In 1893, there’s no such thing as witches. There used to be, in the wild, dark days before the burnings began, but now witching is nothing but tidy charms and nursery rhymes. If the modern woman wants any measure of power, she must find it at the ballot box.
But when the Eastwood sisters–James Juniper, Agnes Amaranth, and Beatrice Belladonna–join the suffragists of New Salem, they begin to pursue the forgotten words and ways that might turn the women’s movement into the witch’s movement. Stalked by shadows and sickness, hunted by forces who will not suffer a witch to vote-and perhaps not even to live-the sisters will need to delve into the oldest magics, draw new alliances, and heal the bond between them if they want to survive.
There’s no such thing as witches. But there will be.
This book is the kind of story that feeds souls.
Stories within stories, deeper meanings woven into every sentence, themes of broken people doing what they can to make the world a better place. I adored every word of this book.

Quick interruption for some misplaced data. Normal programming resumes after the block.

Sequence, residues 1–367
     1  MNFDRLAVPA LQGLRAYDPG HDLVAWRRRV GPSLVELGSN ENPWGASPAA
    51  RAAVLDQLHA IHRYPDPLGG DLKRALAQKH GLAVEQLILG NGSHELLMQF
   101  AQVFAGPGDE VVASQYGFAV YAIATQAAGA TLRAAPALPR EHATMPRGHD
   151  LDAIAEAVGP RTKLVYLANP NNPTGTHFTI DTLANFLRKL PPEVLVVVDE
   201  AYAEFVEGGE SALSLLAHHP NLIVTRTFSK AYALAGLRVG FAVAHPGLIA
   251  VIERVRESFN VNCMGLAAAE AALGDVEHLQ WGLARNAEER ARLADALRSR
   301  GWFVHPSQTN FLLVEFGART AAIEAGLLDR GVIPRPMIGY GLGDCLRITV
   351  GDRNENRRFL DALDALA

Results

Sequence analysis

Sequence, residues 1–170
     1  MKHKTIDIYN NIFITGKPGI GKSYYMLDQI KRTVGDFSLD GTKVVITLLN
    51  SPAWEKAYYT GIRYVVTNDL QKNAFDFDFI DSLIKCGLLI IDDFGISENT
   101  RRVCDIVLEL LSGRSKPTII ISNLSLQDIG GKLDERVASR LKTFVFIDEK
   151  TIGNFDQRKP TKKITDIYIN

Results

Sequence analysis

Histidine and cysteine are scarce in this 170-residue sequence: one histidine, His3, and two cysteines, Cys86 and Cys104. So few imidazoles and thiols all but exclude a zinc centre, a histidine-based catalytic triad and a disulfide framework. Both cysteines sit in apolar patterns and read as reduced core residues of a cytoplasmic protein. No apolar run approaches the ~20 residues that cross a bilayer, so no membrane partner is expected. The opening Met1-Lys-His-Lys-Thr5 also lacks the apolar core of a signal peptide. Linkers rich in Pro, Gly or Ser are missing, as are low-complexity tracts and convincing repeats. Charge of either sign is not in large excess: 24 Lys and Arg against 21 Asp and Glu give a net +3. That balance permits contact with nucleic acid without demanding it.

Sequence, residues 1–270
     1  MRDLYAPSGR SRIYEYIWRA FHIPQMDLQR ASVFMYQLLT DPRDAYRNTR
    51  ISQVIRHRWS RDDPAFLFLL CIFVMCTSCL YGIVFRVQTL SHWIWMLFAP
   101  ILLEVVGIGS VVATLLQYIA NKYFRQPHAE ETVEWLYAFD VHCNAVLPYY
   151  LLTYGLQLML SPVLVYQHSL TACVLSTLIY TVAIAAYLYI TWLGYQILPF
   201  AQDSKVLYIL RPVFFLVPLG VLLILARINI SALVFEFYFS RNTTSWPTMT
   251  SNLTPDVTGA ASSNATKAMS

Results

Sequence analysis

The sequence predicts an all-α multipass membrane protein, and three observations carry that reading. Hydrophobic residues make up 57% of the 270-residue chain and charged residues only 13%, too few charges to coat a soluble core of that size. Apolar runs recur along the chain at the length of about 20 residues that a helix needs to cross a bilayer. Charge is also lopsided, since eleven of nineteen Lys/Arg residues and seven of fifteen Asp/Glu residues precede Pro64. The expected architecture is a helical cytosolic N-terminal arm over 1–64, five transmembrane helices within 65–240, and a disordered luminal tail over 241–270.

Alix E Harrow is a master of words, and has soared to the top of my favorite authors. I fell so deep into this story, much like The Ten Thousand Doors of January. When I tried to come up for air, the fables and workings of witch ways followed me. The heartbreak, the battles, the inevitable failures and the triumphs. All worth the pain of a lingering book drunk I doubt I’ll shed for a while.
The cast of characters were mothers, sisters, friends and family that I knew. Every person was built raw and relatable. Grey morality. Relatable antagonists. I can’t gush enough about how well crafted this story is.
You must read this book if you love character stories, that have much more whimsy than your average. Stories that inspire, and comfort. If you loved The Starless Sea you will also love this author.
Note: LGBT characters written flawlessly.
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